59. The Product then reconciles the total fuel allocated to each activity with total fuel dispensed within the period to make sure it matches the fuel usage with on-road, off-road, idle off-road and auxiliary equipment usage over the same period. The report also contains information on vehicle type, fuel type and auxiliary equipment type.

60. The Product provides a step in the apportionment of fuel based on categorisation of use.

Is the Report a record?

61. Subsection 382-5(1) of Schedule 1 to the TAA provides that you must keep records that record and explain all transactions and other acts you engage in that are relevant to an entitlement to a fuel tax credit.

62. You must retain these records for at least five years after the completion of the transactions or acts to which they relate.

63. Subsection 382-5(8) of Schedule 1 to the TAA provides that the records must be in English, or easily translated into English, and enable an entitlement under an indirect tax law, that is, a fuel tax law to be ascertained.

64. Clients using the Product can undertake a vehicle analysis of the fuel used when those vehicles are travelling on public roads, off public roads, idling and in auxiliary equipment for a tax period.

65. The portal allows the client using the Product in their enterprise to generate the Report after fuel acquisition information has been entered. The following information is available to the client on the Report for the selected period:

vehicle
vehicle type (heavy vehicle, light vehicle, auxiliary equipment)
fuel type
type of auxiliary equipment
litres dispensed
public road (on-road) apportionment of fuel (litres) - total and also allocation of fuel to each vehicle
off-road apportionment of fuel (litres) - total and also allocation of fuel to each vehicle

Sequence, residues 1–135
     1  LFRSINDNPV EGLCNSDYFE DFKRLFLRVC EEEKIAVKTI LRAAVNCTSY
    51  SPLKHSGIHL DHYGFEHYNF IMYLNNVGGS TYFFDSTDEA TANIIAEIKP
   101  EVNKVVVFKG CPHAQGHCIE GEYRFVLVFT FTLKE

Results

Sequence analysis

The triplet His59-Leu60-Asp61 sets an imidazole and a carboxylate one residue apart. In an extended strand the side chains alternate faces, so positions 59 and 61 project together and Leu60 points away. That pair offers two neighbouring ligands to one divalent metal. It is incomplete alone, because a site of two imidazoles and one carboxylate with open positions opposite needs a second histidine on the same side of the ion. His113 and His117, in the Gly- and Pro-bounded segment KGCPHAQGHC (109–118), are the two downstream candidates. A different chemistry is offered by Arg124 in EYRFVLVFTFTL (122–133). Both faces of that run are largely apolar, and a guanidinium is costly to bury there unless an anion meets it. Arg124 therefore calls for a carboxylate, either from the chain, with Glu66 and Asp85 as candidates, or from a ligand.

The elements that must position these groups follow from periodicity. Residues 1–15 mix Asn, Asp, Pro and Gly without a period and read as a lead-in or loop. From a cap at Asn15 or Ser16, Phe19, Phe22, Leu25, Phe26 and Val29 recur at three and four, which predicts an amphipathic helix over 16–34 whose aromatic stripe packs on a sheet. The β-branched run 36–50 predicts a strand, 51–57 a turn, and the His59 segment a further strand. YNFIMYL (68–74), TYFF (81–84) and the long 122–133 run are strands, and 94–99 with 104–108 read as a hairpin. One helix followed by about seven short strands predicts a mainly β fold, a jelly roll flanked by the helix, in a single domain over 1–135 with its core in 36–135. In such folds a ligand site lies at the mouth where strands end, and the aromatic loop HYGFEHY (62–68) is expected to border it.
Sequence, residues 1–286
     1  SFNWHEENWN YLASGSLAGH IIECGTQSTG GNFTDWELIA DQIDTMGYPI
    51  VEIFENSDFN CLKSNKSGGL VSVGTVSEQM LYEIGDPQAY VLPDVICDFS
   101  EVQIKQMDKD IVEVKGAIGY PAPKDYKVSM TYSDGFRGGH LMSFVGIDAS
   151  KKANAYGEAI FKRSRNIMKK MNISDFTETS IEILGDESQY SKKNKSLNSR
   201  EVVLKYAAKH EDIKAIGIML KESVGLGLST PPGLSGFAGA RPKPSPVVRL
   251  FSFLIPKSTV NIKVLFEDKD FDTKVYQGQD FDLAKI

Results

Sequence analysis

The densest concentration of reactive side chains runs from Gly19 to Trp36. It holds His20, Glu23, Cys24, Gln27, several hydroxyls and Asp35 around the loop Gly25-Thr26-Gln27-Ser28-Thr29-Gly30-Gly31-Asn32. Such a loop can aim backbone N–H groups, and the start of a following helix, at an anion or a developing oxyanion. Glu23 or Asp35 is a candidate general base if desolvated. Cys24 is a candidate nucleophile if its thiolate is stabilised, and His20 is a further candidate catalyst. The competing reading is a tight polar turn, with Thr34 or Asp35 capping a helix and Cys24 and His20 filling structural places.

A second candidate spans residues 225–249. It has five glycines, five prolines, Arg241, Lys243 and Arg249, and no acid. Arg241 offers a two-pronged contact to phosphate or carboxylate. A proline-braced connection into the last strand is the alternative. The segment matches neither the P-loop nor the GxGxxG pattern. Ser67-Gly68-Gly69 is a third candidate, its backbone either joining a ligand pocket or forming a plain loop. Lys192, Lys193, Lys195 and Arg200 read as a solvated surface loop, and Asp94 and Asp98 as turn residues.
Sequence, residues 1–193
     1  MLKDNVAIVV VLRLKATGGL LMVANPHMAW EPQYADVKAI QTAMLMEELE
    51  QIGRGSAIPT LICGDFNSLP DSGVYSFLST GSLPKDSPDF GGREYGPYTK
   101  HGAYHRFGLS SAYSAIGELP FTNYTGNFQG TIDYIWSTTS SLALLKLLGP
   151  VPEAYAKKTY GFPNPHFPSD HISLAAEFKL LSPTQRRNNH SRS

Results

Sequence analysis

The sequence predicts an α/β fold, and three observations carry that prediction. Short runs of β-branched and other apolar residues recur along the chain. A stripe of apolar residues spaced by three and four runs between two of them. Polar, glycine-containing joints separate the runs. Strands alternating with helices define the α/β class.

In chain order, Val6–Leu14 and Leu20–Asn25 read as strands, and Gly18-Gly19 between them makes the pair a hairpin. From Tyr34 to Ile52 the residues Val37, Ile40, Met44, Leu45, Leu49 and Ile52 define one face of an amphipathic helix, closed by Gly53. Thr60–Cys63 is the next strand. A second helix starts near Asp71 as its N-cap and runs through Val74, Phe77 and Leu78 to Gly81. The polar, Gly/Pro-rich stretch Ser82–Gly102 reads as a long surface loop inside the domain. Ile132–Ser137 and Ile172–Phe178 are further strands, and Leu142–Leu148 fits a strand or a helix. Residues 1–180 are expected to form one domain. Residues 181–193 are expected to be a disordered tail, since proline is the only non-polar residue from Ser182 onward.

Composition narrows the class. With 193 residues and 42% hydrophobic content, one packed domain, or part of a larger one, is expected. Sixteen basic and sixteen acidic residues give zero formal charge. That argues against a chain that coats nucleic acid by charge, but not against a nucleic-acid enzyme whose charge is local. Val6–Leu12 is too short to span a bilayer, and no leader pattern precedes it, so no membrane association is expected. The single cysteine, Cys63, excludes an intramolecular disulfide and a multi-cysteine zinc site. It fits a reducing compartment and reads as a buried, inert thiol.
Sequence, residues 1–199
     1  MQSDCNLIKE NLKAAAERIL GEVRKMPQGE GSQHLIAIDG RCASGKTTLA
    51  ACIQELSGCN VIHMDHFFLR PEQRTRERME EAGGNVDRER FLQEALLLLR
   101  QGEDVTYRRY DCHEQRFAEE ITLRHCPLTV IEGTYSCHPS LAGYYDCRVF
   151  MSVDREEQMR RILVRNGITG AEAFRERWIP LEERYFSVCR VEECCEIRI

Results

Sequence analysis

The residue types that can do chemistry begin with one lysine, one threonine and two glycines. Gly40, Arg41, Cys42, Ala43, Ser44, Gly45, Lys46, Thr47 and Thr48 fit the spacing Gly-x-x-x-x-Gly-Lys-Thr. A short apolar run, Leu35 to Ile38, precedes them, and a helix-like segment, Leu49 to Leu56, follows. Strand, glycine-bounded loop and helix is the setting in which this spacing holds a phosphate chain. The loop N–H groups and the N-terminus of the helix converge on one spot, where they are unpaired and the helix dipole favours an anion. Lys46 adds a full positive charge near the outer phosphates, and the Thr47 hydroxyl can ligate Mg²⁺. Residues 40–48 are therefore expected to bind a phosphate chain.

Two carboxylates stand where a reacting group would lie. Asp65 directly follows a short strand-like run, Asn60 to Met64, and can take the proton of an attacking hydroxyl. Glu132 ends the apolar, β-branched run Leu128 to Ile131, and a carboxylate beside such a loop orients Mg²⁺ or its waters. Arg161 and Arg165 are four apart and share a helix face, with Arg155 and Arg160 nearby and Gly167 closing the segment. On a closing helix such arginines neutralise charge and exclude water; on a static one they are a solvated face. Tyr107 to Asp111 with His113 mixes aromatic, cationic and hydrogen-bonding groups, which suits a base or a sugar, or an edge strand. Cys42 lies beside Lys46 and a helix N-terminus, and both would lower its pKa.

idle off-road (litres)
auxiliary equipment fuel use (litres).

66. The Report is produced in English and allows users to export information showing litres allocated according to travel into a pdf document or csv format (Microsoft Excel file) for a specific period.

67. The Report is a record that can be used in determining apportionment, noting that this Ruling does not extend to the underlying assumptions, client entered data and the accuracy of determining public roads for fuel tax credit purposes. As such, the report is a document that is a record for the purposes of subsection 382-5(8) of Schedule 1 to the TAA. However, it will not be the only record that is used in determining apportionment for fuel tax credit purposes. Other reports although not limited to, may include data input information reports and, reports showing accuracy of fuel consumption rates used for vehicles etc.

© AUSTRALIAN TAXATION OFFICE FOR THE COMMONWEALTH OF AUSTRALIA

You are free to copy, adapt, modify, transmit and distribute this material as you wish (but not in any way that suggests the ATO or the Commonwealth endorses you or any of your services or products).

Footnotes

All legislative references in this Ruling are to the FTA unless otherwise indicated.

Taxable fuel is defined in section 110-5.

Not previously issued as a draft

References

ATO references:
NO 1-HY0SRHJ

ISSN: 2205-5517

Related Rulings/Determinations:

CR 2018/37
FTD 2010/1

Business Line:  PW

Legislative References:
FTA 2006
FTA 2006 41-5
FTA 2006 41-5(1)
FTA 2006 41-5(2)
FTA 2006 Subdiv 41-B
FTA 2006 41-20
FTA 2006 43-5
FTA 2006 43-10(3)
FTA 2006 110-5
TAA 1953
TAA 1953 Sch 1 382-5
TAA 1953 Sch 1 382-5(1)
TAA 1953 Sch 1 382-5(8)